British Labour Party leader, David Miliband, is arguing that a gulf between rich and poor is a cause of the rioting. He may well have home ownership in mind in offering as his solution, "we need to give people a stake in this society". But "giving" is not a policy that will work. It morphs into an entitlement regime, which reinforces divisions within society and weakens the self-improvement ethos. Applied to housing, it is reminiscent of the US policy which required banks to make housing loans to those who were not credit-worthy, a policy still unraveling in mortgage defaults and collapsed price bubbles. Removing regulatory restraints that have driven housing prices into unaffordable ranges is the better approach.

Not being a participant in a home owning democracy provides no excuse for trashing and thieving. But it is clear that there is a vast number of young people who have decided they are excluded and have become eager participants in hooliganism. Policies of tolerating misdemeanors and acquiescing in slack educational supervision will clearly be re-thought in the UK. But so also must be the policies creating barriers that shut people out of home ownership.

There are lessons in the UK developments for Australia. Not the least concerns home ownership. A fundamental cause of the present economic malaise has been over-investment in US housing as a result misguided attempts to foster home ownership through forcing financial institutions to lend to people who were not creditworthy. This was motivated by the hope that the subsequent property stake would lead to an improvement in civil society on the part of those who found themselves excluded.

These measures failed because they created a housing price bubble. However, removal of cost enhancing planning restraints would not be likely to bring the same housing inflation outcomes (indeed in states like Texas where the artificial price boosting caused by planning restraints is absent, home price inflation and busts has been modest).

Planning restraints in Australia have created home costs that are six times family incomes (nine times family incomes in Sydney). House prices in Australia are therefore even higher than in England and urgent steps need to be taken to reform the planning policies that have caused this. If this means a society closer to the ideal of a property owning democracy, so much the better.

Alan Moran is the Director, Deregulation at the Institute of Public Affairs.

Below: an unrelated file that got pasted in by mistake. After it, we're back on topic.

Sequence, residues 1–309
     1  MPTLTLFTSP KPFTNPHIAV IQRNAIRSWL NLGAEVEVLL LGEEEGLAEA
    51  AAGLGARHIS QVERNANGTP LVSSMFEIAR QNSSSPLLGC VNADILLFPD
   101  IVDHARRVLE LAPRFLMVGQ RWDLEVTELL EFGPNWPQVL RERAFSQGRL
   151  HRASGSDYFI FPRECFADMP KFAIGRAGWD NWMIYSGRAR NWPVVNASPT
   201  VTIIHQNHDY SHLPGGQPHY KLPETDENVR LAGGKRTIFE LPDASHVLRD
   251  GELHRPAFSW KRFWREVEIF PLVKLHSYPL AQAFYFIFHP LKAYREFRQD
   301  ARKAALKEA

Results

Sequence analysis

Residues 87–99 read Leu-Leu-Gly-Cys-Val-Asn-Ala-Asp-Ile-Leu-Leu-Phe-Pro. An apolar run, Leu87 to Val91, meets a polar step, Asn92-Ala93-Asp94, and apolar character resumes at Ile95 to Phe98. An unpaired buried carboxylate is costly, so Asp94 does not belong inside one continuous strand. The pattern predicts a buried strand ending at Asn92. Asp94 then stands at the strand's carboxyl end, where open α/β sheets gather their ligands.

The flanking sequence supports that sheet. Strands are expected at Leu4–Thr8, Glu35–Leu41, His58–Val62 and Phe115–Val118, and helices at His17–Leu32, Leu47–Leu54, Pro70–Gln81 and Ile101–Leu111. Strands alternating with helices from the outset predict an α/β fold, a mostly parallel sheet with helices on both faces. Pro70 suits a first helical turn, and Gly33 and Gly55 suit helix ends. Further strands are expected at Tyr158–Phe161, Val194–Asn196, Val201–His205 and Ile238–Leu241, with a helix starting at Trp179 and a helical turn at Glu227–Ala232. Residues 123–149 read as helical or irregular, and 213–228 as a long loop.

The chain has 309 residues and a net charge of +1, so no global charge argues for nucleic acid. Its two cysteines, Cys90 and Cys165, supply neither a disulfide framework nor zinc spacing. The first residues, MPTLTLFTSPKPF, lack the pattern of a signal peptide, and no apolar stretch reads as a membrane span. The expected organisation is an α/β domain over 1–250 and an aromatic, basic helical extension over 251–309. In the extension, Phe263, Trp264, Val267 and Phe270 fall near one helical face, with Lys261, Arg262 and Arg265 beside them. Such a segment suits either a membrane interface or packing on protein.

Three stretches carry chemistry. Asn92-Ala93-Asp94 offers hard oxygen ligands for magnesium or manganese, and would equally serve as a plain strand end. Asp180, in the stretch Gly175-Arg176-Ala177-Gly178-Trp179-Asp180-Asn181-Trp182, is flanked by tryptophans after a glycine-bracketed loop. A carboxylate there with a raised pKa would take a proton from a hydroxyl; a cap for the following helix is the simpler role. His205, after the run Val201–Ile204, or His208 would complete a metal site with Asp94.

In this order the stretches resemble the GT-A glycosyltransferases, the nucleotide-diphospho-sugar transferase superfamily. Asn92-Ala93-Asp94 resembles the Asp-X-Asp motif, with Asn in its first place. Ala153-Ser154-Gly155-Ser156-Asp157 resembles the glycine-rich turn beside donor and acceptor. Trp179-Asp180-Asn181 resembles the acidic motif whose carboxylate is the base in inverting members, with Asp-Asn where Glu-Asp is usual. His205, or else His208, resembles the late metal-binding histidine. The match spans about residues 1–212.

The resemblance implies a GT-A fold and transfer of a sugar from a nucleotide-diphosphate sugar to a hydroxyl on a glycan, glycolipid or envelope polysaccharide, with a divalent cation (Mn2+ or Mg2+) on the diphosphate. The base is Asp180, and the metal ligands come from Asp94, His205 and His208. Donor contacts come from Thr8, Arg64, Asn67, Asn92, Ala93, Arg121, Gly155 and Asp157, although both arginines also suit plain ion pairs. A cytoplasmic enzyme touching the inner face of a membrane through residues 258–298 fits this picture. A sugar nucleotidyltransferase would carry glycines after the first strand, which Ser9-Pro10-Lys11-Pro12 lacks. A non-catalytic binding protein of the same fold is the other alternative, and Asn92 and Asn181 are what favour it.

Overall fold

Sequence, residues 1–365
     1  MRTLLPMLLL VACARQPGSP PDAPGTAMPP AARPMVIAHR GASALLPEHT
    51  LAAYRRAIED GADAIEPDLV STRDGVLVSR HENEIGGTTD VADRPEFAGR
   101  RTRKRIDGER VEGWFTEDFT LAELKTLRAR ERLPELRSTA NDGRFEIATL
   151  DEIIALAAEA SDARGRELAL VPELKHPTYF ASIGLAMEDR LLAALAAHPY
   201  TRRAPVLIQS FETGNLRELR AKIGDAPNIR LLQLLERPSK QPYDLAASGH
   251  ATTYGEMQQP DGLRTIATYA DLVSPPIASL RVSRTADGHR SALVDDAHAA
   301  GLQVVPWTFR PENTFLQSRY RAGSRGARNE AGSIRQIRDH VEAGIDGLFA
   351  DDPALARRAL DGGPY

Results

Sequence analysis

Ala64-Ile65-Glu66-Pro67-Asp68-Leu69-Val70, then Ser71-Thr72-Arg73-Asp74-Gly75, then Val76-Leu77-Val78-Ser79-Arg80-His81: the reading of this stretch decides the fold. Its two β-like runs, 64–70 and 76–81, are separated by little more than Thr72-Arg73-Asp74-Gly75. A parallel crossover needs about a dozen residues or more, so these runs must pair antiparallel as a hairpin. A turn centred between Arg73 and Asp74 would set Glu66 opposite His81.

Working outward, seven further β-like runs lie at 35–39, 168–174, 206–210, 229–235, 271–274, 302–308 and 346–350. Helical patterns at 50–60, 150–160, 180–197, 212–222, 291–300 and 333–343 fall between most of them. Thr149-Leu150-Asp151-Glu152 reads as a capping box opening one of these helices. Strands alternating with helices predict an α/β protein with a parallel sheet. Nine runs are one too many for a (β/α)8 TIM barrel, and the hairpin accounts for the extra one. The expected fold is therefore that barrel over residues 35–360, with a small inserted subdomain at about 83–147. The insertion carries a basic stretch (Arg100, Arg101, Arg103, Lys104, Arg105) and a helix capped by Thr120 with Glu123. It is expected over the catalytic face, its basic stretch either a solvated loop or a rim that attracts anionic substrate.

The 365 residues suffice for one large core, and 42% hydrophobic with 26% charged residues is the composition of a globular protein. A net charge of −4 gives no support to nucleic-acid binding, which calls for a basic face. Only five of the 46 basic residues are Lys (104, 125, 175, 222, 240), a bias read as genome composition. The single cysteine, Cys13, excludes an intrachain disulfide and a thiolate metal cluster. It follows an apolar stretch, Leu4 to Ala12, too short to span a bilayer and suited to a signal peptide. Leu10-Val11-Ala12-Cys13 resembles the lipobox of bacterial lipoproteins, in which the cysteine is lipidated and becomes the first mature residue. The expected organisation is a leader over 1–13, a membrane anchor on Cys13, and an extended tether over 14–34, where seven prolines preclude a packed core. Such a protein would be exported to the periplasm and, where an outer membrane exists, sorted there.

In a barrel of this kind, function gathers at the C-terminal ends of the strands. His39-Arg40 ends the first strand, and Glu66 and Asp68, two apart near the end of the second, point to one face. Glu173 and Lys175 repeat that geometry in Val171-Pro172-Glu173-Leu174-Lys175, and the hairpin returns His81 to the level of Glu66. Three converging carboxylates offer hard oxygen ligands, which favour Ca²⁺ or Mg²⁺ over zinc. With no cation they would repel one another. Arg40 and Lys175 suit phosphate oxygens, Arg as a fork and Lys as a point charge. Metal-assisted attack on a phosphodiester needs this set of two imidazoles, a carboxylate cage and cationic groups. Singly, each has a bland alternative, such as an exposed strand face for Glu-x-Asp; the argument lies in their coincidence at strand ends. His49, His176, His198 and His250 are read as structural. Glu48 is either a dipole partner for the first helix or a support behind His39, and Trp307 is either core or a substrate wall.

Photo by bobaliciouslondon.

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The ideal of a property owning democracy


You are wandering around the edge of the deterministic trap, without quite falling in. Many post riot commentators are quite happy to jump in, and say that a lack of a stake in society leads to criminality.

Clearly there is no determination for criminality in poverty, and many poor people spend their entire lives abiding by rules stacked against them. Laws that might be better broken.

You put too much faith in home ownership, however. There are plenty of self-serving individuals who own their own homes. They don't run the risk of being imprisoned for a few pairs of shoes. They find ways within the rules of a property owning democracy to gain advantage. That sort of activity is not criminal. It is normal.

Using the British national planning system based on the denial of the freedom to build to sustain the exclusivity of a local housing market serves to frustrate the hopes and dreams of others, but this is just one normal sort of activity. This is state sponsored oppportunism where those who abide by the planning law get to use it to their advantage.

I just think it is pity that some of Britain's younger workforce and the youthful unemployed are doing nothing more than getting into trouble for some opportunistic looting.

It is a pity that Britain's propertyless don't make plans to break the British planning law by building homes for themselves on our abundant Green Belt and redundant farmland. We should be acting like the Dale Farm Gypsies and Travellers -

But I guess that is not the ideal you have in mind...

You want property ownership to bolster the law. The lesson of Britain is that the ideal of a property owning democracy is a myth that young people are not yet organised to do anything about.


Ian Abley